The road approaching Madison Junction from the west enters one of the major geological features of Yellowstone Park, the caldera, or huge crater, that formed 640,000 years ago. At that time, a vast volcanic explosion occurred, which blew out at least 1000 times as much rock as the Mount St. Helens eruption in Washington State did in 1980. The molten rock from a huge underground chamber was blown high into the air and then settled as volcanic ash (now called the Lava Creek tuff). The chamber extended from here east beyond the present-day Canyon Village and Fishing Bridge Junction areas and south almost to the edge of the park. Its boundary is shown by the dashed line on the map given to park visitors and on the map at the beginning of the Geological History chapter on 300. The ash settled out partly over the land north of here but was also carried to much of the northern Rockies and eastward to the Great Plains, as far as Iowa. So much rock was expelled, along with superheated water and other gases at high pressure, that the roof of this partly emptied chamber collapsed, leaving a large hole, the caldera.
The volcanic activity did not cease after the ground collapsed inward. More molten rock rose into the chamber, forcing large volumes of thick, tacky lava out onto the caldera floor. The lava flows continued intermittently over the course of a few hundred thousand years, partly filling the caldera and building up a large, high flat area. This explains why today the caldera no longer appears like a hole or crater. The cliffs you can see across the river from the entrance road west of Madison Junction are a good example of these lava flows. Here they form the northern edge of the high flat area now called the Madison Plateau. The Madison Plateau reaches southwest approximately to the Idaho line, occupying 250 square miles (650 sq km) of territory. You can see good examples of its lava close up along the drive through Firehole River Canyon just south of Madison Junction.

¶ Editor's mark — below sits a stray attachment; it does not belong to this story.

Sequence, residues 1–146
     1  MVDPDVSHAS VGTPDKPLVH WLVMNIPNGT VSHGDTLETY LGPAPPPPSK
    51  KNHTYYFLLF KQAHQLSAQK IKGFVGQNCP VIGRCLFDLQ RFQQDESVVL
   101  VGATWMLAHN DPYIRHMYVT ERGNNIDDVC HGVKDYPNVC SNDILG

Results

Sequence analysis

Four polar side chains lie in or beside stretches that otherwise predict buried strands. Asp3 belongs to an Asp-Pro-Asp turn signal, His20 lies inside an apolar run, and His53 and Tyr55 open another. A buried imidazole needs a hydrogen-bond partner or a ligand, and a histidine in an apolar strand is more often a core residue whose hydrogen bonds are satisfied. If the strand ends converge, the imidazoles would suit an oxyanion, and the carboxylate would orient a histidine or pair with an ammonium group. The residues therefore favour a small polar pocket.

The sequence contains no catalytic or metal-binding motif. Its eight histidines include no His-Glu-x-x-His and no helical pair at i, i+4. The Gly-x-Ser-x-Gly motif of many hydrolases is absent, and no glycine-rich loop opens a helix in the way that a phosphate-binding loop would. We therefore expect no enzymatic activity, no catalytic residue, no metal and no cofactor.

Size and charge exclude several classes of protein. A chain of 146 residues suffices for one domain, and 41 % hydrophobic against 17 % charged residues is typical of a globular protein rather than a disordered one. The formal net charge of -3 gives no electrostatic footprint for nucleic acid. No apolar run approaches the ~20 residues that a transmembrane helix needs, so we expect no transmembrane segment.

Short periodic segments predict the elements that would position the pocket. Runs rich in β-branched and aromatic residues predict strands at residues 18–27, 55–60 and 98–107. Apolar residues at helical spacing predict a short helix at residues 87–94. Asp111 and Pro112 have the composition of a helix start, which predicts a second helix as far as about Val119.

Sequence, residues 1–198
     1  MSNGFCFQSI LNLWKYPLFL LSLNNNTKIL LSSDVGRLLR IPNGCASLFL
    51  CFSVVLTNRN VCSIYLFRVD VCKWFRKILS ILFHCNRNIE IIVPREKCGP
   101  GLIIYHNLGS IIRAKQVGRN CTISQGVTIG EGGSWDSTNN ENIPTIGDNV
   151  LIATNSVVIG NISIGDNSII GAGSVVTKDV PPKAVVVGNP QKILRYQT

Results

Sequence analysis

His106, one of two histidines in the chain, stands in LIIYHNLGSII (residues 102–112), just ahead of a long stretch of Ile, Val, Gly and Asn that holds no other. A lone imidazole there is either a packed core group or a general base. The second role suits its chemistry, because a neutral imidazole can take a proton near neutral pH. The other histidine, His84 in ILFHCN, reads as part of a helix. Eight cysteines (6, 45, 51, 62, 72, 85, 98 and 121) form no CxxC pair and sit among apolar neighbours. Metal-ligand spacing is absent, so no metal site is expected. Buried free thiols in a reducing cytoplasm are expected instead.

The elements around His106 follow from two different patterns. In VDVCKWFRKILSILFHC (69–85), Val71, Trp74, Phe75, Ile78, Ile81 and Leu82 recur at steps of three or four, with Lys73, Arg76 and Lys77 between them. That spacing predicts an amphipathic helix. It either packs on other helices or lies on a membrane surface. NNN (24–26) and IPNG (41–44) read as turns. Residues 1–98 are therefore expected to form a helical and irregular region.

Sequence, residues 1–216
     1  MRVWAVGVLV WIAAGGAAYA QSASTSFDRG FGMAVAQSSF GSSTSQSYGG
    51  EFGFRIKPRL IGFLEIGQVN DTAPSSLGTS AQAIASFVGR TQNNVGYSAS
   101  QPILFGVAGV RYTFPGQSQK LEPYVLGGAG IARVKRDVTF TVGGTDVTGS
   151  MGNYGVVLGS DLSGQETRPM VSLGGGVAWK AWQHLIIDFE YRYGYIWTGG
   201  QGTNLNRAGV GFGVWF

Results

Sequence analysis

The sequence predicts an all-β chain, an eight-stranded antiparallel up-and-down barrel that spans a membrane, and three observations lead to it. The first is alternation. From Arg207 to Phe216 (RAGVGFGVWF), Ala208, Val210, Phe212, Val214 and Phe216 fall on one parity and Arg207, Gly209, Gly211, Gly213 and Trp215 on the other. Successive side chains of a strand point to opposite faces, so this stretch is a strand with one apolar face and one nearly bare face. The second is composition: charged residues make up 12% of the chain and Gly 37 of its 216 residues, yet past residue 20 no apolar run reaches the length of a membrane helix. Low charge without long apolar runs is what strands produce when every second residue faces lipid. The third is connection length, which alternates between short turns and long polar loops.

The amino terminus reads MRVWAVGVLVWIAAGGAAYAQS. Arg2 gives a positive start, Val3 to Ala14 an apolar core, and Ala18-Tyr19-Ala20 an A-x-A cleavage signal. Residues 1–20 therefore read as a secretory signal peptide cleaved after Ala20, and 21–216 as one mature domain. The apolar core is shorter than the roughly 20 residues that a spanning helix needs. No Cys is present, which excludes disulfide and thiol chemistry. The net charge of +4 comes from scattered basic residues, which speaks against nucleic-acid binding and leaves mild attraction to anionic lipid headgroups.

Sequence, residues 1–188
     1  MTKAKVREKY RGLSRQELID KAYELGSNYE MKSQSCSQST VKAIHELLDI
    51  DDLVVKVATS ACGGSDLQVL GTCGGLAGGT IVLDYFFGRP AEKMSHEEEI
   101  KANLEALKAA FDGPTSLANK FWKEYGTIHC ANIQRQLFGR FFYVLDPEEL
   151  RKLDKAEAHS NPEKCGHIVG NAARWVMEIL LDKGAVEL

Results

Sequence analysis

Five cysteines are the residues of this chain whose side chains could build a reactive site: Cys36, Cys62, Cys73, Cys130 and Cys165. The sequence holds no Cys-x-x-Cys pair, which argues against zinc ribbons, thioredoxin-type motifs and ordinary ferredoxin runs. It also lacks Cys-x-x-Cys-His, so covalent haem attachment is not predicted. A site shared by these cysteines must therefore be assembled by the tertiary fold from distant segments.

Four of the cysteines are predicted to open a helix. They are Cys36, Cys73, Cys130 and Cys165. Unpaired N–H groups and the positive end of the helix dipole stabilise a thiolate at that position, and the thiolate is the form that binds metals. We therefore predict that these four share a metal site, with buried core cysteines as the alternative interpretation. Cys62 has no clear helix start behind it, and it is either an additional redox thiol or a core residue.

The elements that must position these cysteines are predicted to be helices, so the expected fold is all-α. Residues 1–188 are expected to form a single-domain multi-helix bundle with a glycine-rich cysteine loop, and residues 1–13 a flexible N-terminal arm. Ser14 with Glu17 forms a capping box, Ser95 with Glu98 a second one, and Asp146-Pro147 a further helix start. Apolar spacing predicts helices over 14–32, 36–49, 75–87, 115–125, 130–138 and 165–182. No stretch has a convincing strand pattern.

The caldera is roughly oval, about 30 by 45 miles (48 by 72 km), and partly surrounded by cliffs, like a volcano’s crater but far larger. Cliffs extend along the road for about 8 miles (13 km) eastward past Madison Junction to Gibbon Falls, forming the northern wall of the caldera. Figure 1. Cross section of the Yellowstone caldera rim. This north-to-south cross section shows the northern rim of the Yellowstone caldera. When the Lava Creek tuff erupted and covered the older rocks 640,000 years ago, the ground surface then collapsed into the space left by the erupted tuff and so created the caldera. The arrows show the relative motion of the fault at the edge of the collapsed part. Rhyolite lavas later flowed out and covered the caldera floor. The dashed lines show approximately: (1) where the original caldera edge at the fault surface was before erosion and (2) where the surface of the tuff was outside the caldera before erosion.